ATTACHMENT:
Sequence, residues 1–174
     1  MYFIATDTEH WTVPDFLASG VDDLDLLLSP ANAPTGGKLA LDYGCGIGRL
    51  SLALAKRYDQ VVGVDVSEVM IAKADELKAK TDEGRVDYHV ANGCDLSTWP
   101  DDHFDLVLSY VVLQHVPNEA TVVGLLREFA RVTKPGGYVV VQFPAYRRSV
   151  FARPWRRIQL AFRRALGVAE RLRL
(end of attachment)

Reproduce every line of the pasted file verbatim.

Sequence, residues 1–174
     1  MYFIATDTEH WTVPDFLASG VDDLDLLLSP ANAPTGGKLA LDYGCGIGRL
    51  SLALAKRYDQ VVGVDVSEVM IAKADELKAK TDEGRVDYHV ANGCDLSTWP
   101  DDHFDLVLSY VVLQHVPNEA TVVGLLREFA RVTKPGGYVV VQFPAYRRSV
   151  FARPWRRIQL AFRRALGVAE RLRL